Although March came in with a cotton ball snow last year, by this week we were hot on the heels of the fences, walking up hill and down dale, crossing babbling creeks, and splashing through lucent pools of water on the green grass. Robins love those little puddles and bathed with great enthusiasm, flinging droplets into dancing rainbows all around them.
Pussy willows were smiling from the other side of the driveway and the 70-pound behemoth of a blond dog that takes up half the kitchen was just a cute little puppy. The rhubarb was already uncurling wrinkled green and red flags in all the beds on the 22nd of the month.
Maple trees across the river were crimson with buds. Laundry danced jauntily on the clothesline. Crocuses were creeping out, daffodils nodding buttercup heads all around the foundation and out in the wild beds. By April 1 the gold finches were spangled with patches of blinding yellow.
By the 4th of April the cows were at pasture, gobbling luscious, green grass and gamboling around like lambs between bites. Two weeks later the kid was working on fence without his shirt and it was uncomfortably hot to walk up on the fields. Wild rosebushes and raspberries were flaunting neon leaves, boldly green against their dusty red branches.
Oh, there was some ice around and we had a little snow at the end of March, which dusted the daffs and made them duck their heads at the chill.
Still, it was clearly and undeniably Spring, and spring with a capital S at that.
This year it seems as if we have gone back in time to Marches when we were kids. We were sick of winter then, too, but it wasn't done with us quite yet. It isn't done with us this year either. Storm after storm after violent storm has pounded the Midwest burying them deep, causing no end of woe.
Budget bending cold has kept furnaces roaring and heaters hopping.
There are those who aren't complaining, though. Ohio maple syrup producers had a record flood of sap around mid-month and are talking about boiling sap into April. Compared to last year when we were worrying about fruit trees blooming too soon and the maple trees were already heavily budded, that has to be good news for them.
Meanwhile this stingy, stringy, bitter-cold bite of non-spring we have been experiencing is blamed on something known as Arctic Oscillation or AO. According to NOAA, "The AO is a climate pattern characterized by winds circulating counter-clockwise around the Arctic at around 55°N latitude. When the AO is in its positive phase, a ring of strong winds circulating around the North Pole acts to confine colder air across polar regions. This belt of winds becomes weaker and more distorted in the negative phase of the AO, which allows an easier southward penetration of colder, arctic air masses and increased storminess into the mid-latitudes."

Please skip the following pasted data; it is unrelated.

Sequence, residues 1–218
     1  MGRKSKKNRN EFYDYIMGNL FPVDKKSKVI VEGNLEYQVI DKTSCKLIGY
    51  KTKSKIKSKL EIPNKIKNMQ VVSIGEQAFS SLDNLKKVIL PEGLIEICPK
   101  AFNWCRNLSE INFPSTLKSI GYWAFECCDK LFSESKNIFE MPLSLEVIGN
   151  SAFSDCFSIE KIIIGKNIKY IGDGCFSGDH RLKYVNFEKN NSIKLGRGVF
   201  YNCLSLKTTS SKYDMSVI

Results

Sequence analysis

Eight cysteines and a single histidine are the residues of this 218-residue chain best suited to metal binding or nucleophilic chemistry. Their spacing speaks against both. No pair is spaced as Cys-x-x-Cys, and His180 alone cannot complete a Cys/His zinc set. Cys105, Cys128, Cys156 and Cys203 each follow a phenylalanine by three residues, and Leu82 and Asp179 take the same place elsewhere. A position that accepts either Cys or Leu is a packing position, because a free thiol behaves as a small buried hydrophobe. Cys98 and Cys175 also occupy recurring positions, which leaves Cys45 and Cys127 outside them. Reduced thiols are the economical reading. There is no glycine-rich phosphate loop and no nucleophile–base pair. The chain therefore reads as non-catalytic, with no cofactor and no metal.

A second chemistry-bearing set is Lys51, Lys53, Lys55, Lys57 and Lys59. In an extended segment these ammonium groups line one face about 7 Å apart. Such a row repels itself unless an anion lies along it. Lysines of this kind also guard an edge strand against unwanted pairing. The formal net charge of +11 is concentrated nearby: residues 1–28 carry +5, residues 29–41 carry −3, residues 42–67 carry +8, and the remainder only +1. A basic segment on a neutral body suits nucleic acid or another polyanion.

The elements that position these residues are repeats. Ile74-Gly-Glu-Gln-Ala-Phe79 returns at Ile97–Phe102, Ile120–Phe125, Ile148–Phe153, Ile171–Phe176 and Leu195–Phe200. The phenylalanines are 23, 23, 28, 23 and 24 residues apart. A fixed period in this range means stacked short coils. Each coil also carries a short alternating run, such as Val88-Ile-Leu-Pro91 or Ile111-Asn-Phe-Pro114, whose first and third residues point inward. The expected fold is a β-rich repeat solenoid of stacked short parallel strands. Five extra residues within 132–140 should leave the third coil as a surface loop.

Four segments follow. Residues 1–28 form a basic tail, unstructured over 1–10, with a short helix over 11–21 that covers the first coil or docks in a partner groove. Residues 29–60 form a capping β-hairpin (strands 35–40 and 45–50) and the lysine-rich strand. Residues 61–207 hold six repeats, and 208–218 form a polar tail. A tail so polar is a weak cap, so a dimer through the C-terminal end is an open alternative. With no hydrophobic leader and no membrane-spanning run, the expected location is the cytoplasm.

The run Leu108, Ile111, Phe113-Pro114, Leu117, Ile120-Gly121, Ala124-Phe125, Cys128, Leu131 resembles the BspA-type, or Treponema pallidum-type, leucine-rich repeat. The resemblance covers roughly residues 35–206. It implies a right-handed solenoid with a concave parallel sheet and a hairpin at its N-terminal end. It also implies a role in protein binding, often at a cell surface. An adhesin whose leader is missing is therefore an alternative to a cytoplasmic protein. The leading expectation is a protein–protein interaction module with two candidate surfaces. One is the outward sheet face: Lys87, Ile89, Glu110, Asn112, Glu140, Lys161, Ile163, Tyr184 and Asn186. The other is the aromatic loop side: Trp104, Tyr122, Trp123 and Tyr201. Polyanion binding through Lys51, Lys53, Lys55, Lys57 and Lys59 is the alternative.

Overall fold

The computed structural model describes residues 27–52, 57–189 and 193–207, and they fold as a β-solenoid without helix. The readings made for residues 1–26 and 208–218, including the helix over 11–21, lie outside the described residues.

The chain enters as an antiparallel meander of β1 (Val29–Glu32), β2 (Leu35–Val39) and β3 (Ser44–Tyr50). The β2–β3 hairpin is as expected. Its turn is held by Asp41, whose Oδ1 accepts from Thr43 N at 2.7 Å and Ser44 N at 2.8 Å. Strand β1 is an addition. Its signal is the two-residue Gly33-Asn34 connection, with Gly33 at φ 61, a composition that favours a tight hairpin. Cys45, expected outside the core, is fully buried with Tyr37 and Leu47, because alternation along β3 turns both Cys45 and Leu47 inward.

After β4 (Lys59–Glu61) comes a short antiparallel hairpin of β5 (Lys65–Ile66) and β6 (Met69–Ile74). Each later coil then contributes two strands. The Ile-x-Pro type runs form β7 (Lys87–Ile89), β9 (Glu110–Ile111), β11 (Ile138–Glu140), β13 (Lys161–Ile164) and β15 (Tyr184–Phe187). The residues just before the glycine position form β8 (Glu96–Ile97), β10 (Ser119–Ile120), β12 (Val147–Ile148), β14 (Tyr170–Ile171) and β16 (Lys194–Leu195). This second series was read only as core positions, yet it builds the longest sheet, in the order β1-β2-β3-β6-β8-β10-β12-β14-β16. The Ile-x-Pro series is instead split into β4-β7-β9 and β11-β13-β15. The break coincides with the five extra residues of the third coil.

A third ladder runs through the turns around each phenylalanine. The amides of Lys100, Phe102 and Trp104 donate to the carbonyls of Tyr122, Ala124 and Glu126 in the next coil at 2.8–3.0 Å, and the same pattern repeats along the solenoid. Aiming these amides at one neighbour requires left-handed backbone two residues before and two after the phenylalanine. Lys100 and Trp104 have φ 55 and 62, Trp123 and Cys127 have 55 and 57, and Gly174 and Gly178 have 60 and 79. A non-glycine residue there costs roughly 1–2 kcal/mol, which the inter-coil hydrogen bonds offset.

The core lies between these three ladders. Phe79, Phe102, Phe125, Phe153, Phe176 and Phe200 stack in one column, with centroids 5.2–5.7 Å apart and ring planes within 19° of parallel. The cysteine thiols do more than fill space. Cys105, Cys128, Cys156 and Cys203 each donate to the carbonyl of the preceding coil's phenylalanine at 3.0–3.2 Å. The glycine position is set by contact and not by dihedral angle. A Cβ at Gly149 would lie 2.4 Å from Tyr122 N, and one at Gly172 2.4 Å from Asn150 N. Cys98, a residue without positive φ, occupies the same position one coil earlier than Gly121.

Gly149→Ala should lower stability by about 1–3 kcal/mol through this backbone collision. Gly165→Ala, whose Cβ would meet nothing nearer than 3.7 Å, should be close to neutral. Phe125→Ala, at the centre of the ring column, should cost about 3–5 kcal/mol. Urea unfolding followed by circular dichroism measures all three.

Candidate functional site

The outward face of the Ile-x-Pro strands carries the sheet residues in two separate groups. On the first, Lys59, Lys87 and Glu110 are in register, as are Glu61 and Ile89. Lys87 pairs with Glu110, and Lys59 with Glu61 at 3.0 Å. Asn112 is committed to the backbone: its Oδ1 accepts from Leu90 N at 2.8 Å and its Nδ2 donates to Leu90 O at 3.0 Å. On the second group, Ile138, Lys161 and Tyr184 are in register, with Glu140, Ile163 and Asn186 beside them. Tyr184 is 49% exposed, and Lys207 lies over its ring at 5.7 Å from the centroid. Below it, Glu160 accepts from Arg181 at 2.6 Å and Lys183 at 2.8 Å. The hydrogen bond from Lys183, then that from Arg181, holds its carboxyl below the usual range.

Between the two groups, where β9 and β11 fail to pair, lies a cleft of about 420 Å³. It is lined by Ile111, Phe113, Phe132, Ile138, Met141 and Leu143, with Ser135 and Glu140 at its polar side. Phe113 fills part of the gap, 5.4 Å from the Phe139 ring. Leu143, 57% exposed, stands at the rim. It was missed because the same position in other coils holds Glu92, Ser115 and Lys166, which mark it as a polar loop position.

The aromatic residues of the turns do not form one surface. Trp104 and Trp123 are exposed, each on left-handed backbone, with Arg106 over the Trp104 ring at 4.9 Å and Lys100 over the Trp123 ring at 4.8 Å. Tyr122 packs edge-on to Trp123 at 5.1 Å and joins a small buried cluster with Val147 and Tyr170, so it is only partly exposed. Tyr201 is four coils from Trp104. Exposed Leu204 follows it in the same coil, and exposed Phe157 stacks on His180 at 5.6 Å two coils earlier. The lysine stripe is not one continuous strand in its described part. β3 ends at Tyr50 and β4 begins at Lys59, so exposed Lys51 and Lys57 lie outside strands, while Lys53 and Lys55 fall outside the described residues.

While it is good to know what is going on, I would personally be much more interested to know when it is going to stop going on. Hay is short and hard to buy. Cows are cranky and want to roam. Farmers are cranky, too. After all, Becky and I went out to get a start walking fence weeks ago, on one of those last nice days before AO began to mess with us, assessing damage done by winter snows and obstreperous deer. What we found was ground so wet and muddy that it was hard to walk, and lots of interesting things for the dog to sniff. And then, within days after our "fencing" adventure, the places where we hiked were covered with deep, unbroken snow. They still are.
In other locations no one is waiting on weather. Way down yonder in the land of fluffy, white plants that produce fiber for the manufacture of clothing, corn planting has begun. I know, I know -- it is hard to look out the window at drifts suitable for downhill skiing and think about hot season crops like corn, but it's true.
Photos taken as much as three weeks ago in Louisiana show flat, dark fields of smooth, rich soil, rolling out behind planters filled with bright new corn seed. In Kansas, wheat is greening up and photos from Texas show seed heads already filling up with goodness. Mississippi cows are sipping daintily at pasture grass already and have been for a while.
There is talk of drought, though. Always, there is talk of drought, and the word is spoken with dread. Last year was a bad one for dry across an uncomfortable percentage of the country, and a good deal of land is still involved.
Meanwhile, planting prospects for the crops that fuel our cars and trucks, make our corn flakes crispy, and provide bread for our peanut butter sandwiches, are so complicated, you would need a road map and thesaurus to understand them, let alone predict the outcome in terms of future yields.
Some land has been removed from the Conservation Reserve Program, freeing it up to be planted to crops. Ag Web says that 2.62 million fewer acres are enrolled this year than last. The same source reported an increase in acreage planted to assorted varieties of wheat as well. Hard red winter wheat plantings were reported in January to have increased by 600,000 acres, while soft red wheat is up by 1.3 million acres.
However, other varieties of wheat had decreased. Last fall dry conditions prevented it from getting as good a start as it needed, so despite the increase in acreage there are no guarantees for future production.
Thus, spring 2013, where you can find it at all, is a season of mixed blessings and confusing promises. However it is still my favorite season no matter what the weather.
Fultonville dairy farmer MARIANNE FRIERS
is a regular columnist. She blogs